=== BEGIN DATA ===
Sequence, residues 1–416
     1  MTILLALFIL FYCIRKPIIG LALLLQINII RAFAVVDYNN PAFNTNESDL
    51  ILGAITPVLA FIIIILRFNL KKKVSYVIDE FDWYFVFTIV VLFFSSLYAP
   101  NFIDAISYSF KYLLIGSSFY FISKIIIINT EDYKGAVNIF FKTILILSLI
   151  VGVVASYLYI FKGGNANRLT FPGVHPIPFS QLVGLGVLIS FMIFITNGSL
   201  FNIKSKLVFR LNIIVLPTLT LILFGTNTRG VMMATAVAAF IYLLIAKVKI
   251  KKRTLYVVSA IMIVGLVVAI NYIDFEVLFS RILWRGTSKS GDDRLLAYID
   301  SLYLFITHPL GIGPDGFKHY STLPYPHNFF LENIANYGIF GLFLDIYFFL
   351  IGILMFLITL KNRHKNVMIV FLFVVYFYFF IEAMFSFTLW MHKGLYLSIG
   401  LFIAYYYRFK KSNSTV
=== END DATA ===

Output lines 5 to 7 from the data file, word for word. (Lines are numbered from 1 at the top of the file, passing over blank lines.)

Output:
   151  VGVVASYLYI FKGGNANRLT FPGVHPIPFS QLVGLGVLIS FMIFITNGSL
   201  FNIKSKLVFR LNIIVLPTLT LILFGTNTRG VMMATAVAAF IYLLIAKVKI
   251  KKRTLYVVSA IMIVGLVVAI NYIDFEVLFS RILWRGTSKS GDDRLLAYID